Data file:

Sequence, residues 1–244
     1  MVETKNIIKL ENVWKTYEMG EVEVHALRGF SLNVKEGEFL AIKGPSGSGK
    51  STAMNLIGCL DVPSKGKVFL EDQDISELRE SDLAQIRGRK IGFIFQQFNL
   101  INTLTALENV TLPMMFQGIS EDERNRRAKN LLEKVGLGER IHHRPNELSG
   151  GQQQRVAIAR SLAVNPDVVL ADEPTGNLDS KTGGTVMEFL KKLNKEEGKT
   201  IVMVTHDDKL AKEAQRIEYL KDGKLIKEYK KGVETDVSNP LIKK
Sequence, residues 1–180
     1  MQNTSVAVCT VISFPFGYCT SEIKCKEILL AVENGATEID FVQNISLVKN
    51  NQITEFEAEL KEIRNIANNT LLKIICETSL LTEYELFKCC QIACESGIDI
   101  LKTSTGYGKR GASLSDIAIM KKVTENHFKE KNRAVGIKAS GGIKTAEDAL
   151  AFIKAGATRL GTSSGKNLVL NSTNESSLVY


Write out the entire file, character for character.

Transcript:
Sequence, residues 1–244
     1  MVETKNIIKL ENVWKTYEMG EVEVHALRGF SLNVKEGEFL AIKGPSGSGK
    51  STAMNLIGCL DVPSKGKVFL EDQDISELRE SDLAQIRGRK IGFIFQQFNL
   101  INTLTALENV TLPMMFQGIS EDERNRRAKN LLEKVGLGER IHHRPNELSG
   151  GQQQRVAIAR SLAVNPDVVL ADEPTGNLDS KTGGTVMEFL KKLNKEEGKT
   201  IVMVTHDDKL AKEAQRIEYL KDGKLIKEYK KGVETDVSNP LIKK
Sequence, residues 1–180
     1  MQNTSVAVCT VISFPFGYCT SEIKCKEILL AVENGATEID FVQNISLVKN
    51  NQITEFEAEL KEIRNIANNT LLKIICETSL LTEYELFKCC QIACESGIDI
   101  LKTSTGYGKR GASLSDIAIM KKVTENHFKE KNRAVGIKAS GGIKTAEDAL
   151  AFIKAGATRL GTSSGKNLVL NSTNESSLVY